New literary agents are often thought of as a last resort by authors, a “second option” that should only be considered after striking out with more established literary agents.
But that kind of thinking is shortsighted.
Read this article to learn about the advantages of working with new literary agents. This article is part of a 15-part series called Finding a Top Literary Agent.
Established literary agents have a lot to offer authors, but so do new literary agents. Take a look at the benefits of working with new book agents below.
And make sure (if you haven’t already) that you read the other article I wrote about the pros and cons of working with established literary agents.
Now, some of the advantages of working with new literary agents…
New book agents are all different, but they also have one thing in common: they’re hungry.
Some new book agents are hungry to establish themselves financially. Other new book agents are hungry to become well-known. And other new book agents are hungry to prove that they can make it in New York. Whatever their reasons, new book agents often have a passion and desire that has left more established literary agents.
What does that mean to you?
New literary agents are more likely to be deeply committed to your success over a longer period of time, because they need you to be successful. New literary agents are still trying to get established, and they need to sell books to earn respect and build relationships.
If you want a book agent that’s more committed, consider new literary agents. They’re much more likely to work with you long-term (for several years if needed) to get your book sold. New literary agents will sometimes even guide you through additional rewrites on your book after failing to sell it, if they really believe in you and the project.
I hate to put people in boxes…
But new literary agents are much more likely to be humble, kind, and collaborative. In short, new literary agents are easier to work with. They’re more pleasant to work with. And they’re more patient.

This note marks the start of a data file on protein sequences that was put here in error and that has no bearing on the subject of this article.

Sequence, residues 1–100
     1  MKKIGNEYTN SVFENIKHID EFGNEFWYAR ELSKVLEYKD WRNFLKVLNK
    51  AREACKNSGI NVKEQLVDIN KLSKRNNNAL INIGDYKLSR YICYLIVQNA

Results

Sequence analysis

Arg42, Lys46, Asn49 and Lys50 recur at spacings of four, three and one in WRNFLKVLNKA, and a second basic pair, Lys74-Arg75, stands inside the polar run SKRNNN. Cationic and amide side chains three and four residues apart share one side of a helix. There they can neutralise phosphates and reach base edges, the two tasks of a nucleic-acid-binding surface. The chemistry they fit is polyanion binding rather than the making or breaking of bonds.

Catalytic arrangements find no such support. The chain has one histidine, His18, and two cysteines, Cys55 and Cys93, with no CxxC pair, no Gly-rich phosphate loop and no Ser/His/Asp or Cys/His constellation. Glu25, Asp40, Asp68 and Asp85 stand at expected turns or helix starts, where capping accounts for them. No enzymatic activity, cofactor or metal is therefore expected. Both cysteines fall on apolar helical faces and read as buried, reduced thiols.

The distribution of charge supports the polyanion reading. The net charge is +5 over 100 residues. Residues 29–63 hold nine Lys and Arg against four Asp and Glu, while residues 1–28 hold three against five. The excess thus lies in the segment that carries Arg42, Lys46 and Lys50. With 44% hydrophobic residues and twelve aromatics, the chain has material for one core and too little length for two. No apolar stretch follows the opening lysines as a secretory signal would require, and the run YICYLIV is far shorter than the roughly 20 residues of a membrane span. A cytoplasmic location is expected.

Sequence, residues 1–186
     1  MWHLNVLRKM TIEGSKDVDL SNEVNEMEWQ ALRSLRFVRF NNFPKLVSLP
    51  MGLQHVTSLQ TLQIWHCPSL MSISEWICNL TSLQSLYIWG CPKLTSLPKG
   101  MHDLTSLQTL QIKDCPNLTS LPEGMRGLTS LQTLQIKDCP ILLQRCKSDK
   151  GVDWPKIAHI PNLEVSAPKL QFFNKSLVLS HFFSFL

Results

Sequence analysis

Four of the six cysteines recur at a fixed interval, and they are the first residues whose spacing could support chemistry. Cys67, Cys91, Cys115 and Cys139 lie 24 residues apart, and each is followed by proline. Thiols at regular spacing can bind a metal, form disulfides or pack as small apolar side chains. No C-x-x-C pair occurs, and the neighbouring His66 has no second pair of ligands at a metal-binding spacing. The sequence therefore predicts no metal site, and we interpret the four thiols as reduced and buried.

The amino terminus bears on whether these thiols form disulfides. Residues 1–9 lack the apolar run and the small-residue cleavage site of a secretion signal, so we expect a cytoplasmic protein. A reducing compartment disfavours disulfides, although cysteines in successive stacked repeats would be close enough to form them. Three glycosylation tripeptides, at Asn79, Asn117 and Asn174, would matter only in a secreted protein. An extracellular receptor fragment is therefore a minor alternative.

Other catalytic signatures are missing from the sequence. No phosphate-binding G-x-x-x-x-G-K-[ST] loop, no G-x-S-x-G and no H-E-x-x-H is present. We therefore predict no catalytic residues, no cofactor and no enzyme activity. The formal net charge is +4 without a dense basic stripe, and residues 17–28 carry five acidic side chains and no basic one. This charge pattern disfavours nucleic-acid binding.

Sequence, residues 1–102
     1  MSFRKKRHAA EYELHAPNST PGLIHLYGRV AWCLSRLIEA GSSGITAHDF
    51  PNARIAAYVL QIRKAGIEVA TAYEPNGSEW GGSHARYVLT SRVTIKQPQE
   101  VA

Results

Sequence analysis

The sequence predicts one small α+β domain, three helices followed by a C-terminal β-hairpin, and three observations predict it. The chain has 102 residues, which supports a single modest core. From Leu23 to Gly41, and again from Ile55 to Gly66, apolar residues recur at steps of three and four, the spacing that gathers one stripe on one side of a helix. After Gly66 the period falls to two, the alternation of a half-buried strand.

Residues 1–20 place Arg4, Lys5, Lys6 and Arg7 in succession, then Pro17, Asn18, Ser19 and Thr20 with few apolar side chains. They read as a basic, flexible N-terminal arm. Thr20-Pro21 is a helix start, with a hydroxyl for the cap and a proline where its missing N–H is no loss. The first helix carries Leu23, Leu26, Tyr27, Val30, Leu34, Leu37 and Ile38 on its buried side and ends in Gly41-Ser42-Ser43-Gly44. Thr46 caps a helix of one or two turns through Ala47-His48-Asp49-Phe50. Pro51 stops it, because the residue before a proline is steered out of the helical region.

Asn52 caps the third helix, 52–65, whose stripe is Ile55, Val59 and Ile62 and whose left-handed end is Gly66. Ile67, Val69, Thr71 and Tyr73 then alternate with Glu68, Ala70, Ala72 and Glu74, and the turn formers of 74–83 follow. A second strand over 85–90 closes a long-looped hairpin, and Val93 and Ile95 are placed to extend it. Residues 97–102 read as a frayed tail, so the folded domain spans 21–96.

It’s human nature.
New literary agents don’t have the same experience that established literary agents have. That makes them a little less confident and a lot more eager to please. New literary agents are more likely to be sensitive to your opinions and feelings.
Another reason that new literary agents often make better agents, is that they view the author/agent relationship as a partnership. New literary agents understand that you bring as much to the table as they do with your talent.
And they need your business.
Many established literary agents don’t need your business. And it shows in the way that they treat their authors. Instead of treating them like true partners, they treat them like their employees.
You might not realize this is a common problem, but lots of established literary agents drive their authors crazy because they’re simply not available. Many authors have reported going months (many months) without getting any updates or having their emails and phone calls returned.
New literary agents are a lot easier to get a hold of for book status updates, to get questions answered, and sometimes just to talk shop.
Publishing agents aren’t obligated to spend lots of time with their authors, but that time can be valuable. New literary agents are more likely to give you extra time that could be spent: educating you about the publishing industry, helping you strategize your publishing career, improve your manuscript, build your author platform, and more.
So keep this in mind if these things are important to you and/or you’re the kind of author who needs a little extra handholding.
I know that I make a convincing case for considering new literary agents. But I feel just as strongly about the benefits of working with established literary agents (for different reasons, of course).
So, what’s the best choice?
Most of the authors who work with me in my 1-on-1 coaching programs ask me that question. I always tell them that it’s an individual choice. You have to consider the pros and cons yourself and then decide what’s most important to you.
To me, the best literary agent would be an established agent who used to work with a large literary agency… but just left to start his own agency.
Then you get the best of both worlds.
Click here to read the next article in this 15-part series,
about The Cons of New Literary Agents.